I’ve had the pleasure of mentoring dozens of startups through various innovation programs, and continue to do so through our incubator Collective, and beyond. I’m also very fortunate to work alongside mentor veterans Paul O’Brien & Ted Cohen who have collectively mentored hundreds of startups over the years.

What I’ve come to realize, is that most programs and entrepreneurs tend to think backwards when it comes to launching a business or product. More times than not, students and entrepreneurs build a business plan, financial models, an MVP, or even a prototype before they’ve even figured out (if there’s a demand for what they’re building, and if anyone would pay them for it). It sounds crazy when you think about it right? 

Listen, at the end of the day we all drink our own Kool-Aid when it comes to building something of our own. Of course we think it’s great, the best, groundbreaking, original, etc etc… Don’t blindly follow your confidence and ambition, do the homework! The moment you have an idea you think has a real chance, ask at minimum 100 people about it, not including your family (for hopefully obvious reasons). 

Chances are your original idea will change based on feedback, you’ll have a clearer picture of what the product/service is, what problems you’re actually solving, and for who! Take time, do the homework, it could be the difference between months of presumptuously wasted effort, or a real shot at making something substantial.   


Hear from past Collective graduates about their experience and success within our intensive 12-week media tech incubator. **Currently accepting applications here**

From History, Our Future 

2020 will be remembered as one of the most remarkable years in human history for a host of reasons, least of which is how the state of our economy, and need to work from home, has thrust us all to appreciate what it means to be online at the same time that many are exploring starting a business of their own.  

Never before has the landscape of our workforce changed so dramatically while circumstances have millions considering entrepreneurship.  

That present, merely a step in our collective history, made me curious about centuries of study of entrepreneurship and how economists, from 1700’s Richard Cantillon to 2000’s Elinor Ostrom, have uncovered the risk tolerance, desire to achieve, collaboration, and innovation involved in being entrepreneurial.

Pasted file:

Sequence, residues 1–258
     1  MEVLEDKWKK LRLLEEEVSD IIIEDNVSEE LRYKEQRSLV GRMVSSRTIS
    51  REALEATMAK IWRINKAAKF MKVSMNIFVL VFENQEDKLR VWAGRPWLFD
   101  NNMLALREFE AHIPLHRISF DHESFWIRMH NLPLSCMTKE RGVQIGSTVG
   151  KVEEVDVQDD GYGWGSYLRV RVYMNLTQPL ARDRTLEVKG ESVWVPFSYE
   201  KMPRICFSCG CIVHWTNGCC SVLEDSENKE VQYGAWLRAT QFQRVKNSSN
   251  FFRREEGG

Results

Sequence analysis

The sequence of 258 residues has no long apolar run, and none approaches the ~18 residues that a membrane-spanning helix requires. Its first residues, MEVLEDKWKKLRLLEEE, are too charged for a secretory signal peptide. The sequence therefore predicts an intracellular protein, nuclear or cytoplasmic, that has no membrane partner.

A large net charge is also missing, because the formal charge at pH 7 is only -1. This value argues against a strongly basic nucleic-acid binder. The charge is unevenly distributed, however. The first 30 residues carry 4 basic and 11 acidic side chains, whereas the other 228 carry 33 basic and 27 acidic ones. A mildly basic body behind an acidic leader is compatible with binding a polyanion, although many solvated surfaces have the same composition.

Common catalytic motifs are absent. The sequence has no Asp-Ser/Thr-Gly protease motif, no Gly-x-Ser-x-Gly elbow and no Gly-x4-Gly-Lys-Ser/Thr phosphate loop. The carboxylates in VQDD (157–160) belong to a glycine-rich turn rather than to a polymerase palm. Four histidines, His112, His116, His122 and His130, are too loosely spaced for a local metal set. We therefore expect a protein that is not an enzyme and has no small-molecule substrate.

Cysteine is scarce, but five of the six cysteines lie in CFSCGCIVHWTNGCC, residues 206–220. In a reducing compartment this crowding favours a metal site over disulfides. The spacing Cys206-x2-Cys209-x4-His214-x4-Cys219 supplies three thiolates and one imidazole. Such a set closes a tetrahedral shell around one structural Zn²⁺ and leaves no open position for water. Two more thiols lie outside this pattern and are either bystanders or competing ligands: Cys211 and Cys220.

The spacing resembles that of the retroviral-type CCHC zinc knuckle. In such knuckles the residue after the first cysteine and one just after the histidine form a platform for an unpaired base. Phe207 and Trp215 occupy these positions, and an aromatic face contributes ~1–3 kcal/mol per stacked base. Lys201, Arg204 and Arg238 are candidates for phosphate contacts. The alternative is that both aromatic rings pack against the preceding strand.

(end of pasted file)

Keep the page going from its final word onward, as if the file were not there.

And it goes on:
Read the full article here


Our friends at The Center For Creative Entrepreneurship have put together an incredibly comprehensive calendar for creative professionals! Check out their fantastic line up here.

iPhone SE 2020 Review

First off, a confession: I’ve never loved the iPhone, it’s never been my main axe. I appreciate it, I acknowledge its sociological impact, I recognize its singular ability to restructure the handset/carrier ecosystem. I do, however, reject its reputation for innovation. I believe it imitates while it elevates, refining and mainstreaming ‘new’ features that were, admittedly, introduced years earlier by Samsung, LG, HTC and others. You must admire Apple’s artifice, presenting derivative technology as original thought.

But, I’m obviously in the minority, most people LOVE their iPhone. Especially application developers. In order to properly do my job as a digital media consultant, I have been forced to have an iPhone. To experience pre-release versions of apps and platforms, an up-to-date iPhone is required, as Android app versions usually follow later.

Until recently, my ‘yes, I have an iPhone, it’s somewhere in my bag’ iPhone 7 sufficed. Then, overnight, it was out of date, I had to upgrade. Luckily, the timing was right, Apple had introduced their first mid-priced model in a few years, the iPhone SE 2020, with an entry level price of $399 for a 64gb model.

I needed more storage, so I opted for the 256gb unit, a $549 investment. While I still prefer my Samsung Galaxy S20 Ultra, the iPhone SE is growing on me, a surprising turn of events.

Rather than list all of its cost-saving compromises, I’ll highlight three of the main ones:

Design – While it is a current model, not a close-out, it more closely resembles the iPhone 8 than the current flagship iPhone 11 Pro/Pro Max.

Camera – Unlike its cutting-edge siblings, the SE is a single lens configuration that precludes flexible features such as optical zoom and telephoto lens.

Screen – LCD instead of OLED – the picture and video quality are very good, but not outstanding.


  • Display size
    • 4.7-inch Retina HD; 1,334×750 pixels
  • Dimension (inches)
    • 5.45 x 2.65 x 0.29 in
  • Weight (ounces)
    • 5.22 oz
  • Mobile software
    • iOS 13
  • Camera
    • 12-mpxl
  • Front-facing camera
    • 7-mpxl
  • Video Capture
    • 4k
  • Processor
    • Apple A13 Bionic
  • Storage
    • 64GB / 128GB / 256GB
  • Expandable storage 
    • No
  • Fingerprint sensor
    • Home button
  • Connector
    • Lightning
  • Headphone jack
    • No
  • Special features
    • Water resistant 
    • (IP67); dual-SIM capabilities 
      • (nano-SIM and e-SIM)
    • Wireless charging

The Positives:

  • Excellent value for the money
  • Has the same high-speed A13 microprocessor as them ore expensive iPhone 11 models
  • Records high-quality 4k video

The Negatives:

  • Single lens camera/no zoom
  • Reduced battery life – estimated 25 hours
  • A relatively cramped keyboard

Collective Incubator Applications Open

Applications for Collective’s third cohort are open! Collective’s program is dedicated to early stage MediaTech focused startups. Spread the love, or apply here.

Whether you’re trying to grow and scale a business, or improve and resell for profit, the Insperity® Capital Growth Program can provide the HR essentials you need to maximize your investmentLearn More

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by John Zozzaro time to read: 6 min